“Mini Experts” In A Major Network

206566-600-0-11Ask Amra Tareen why she founded AllVoices.com, a massive exercise in global citizen journalism, and she’ll tell you it’s because she’s not a terrorist.

This is not the non sequitur it seems. Her answer derives from annoyance over a misperception she still feels. “The mainstream media is so biased,” she explained. “After 9/11, they made it sound like all Muslims are terrorists. I’m a Muslim, My kids are Muslims; we’re not terrorists. Everyone has a bias. Editors have a bias. I have a bias. So I thought the only way to fix this is to get all the voices out there.”

AllVoices.com — Tareen’s answer to closed, controlled traditional media — launched in July 2008 with the goal of including as many people as possible. If Tareen had her way, the AllVoices community would be all six billion people on earth. But within a site that aims to be global and all-inclusive in its scope and membership, a curious thing is happening. Even with free rein in topic choice, Tareen tells us that many of AllVoices’ contributors are choosing very specific beats and becoming mini experts within the larger framework of the massive site.

“Individual people are very consistent usually and the topics they like to report about are very consistent,” she said. “We’re creating a ton of little experts.”

Although AllVoices’ policy of allowing aliases rather than full names raises questions of accountability, Tareen explained that contributors “develop an identity on the site.” They have a user name and a profile page and anything they do gets aggregated onto their profile page.

“Plus, their profile on AllVoices dictates how much money they make for their contributions,” she explained.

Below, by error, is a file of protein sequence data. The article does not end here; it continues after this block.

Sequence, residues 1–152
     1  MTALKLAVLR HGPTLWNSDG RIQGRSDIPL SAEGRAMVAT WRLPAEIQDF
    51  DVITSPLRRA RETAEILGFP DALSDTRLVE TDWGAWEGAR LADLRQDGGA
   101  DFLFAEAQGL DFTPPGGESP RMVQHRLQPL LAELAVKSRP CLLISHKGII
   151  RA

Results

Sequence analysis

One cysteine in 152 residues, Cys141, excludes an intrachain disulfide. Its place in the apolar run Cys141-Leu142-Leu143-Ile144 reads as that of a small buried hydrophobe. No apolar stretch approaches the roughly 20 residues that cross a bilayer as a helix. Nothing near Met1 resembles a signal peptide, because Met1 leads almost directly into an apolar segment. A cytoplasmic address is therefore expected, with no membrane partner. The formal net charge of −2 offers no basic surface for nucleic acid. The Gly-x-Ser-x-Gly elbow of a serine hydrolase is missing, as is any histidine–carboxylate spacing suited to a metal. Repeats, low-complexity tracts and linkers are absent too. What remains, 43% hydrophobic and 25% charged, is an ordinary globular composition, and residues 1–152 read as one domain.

Tying the quality of their contributions — from posts to pictures and even comments — to users’ purse strings is part of the motivation for the beatblogging that happens on AllVoices. According to Tareen, the beatbloggers generally do better than their less focused counterparts.

Pakistani user MarcusCato has been blogging with AllVoices since August 30, 2008. In that time, he’s narrowed his focus to politics and the economy, particularly in the Middle East and his content has been viewed by 350,125 users. Not too shabby for six and half months.

Halfway across the world, BorderExplorer, a 59-year-old Texas woman, is the unlikely guardian of all things US/Mexico border related.

“Although I was born in the middle [Midwest, middle-class] and am now middle-aged, I’ve moved to the U.S/Mexico border,” she wrote in her profile.

She’s only been blogging about border issues for three months and already has about 34,000 page views.

Specializing like this rather than posting anything and everything that pops into your head means more developed knowledge on a topic and a bigger, more loyal fan base to bring in the hits. Tareen admits that this degree of specialization was not expected from the outset, but considers it a uesful development both for the beatbloggers and the site as a whole.

“The more focused ads you can drive to your pages, to the site, that means you can earn a higher CPM — cost per thousand views. Because if you’re more specific, you get a higher value for advertising,” she said.

A loyal following and a little extra cash? We’ll take it.

Below, Amra explain how and why AllVoices.com is developing beatbloggers:

Click here to stream the interview. Or download the MP3.

Originally published (by me) at Beatblogging.org.

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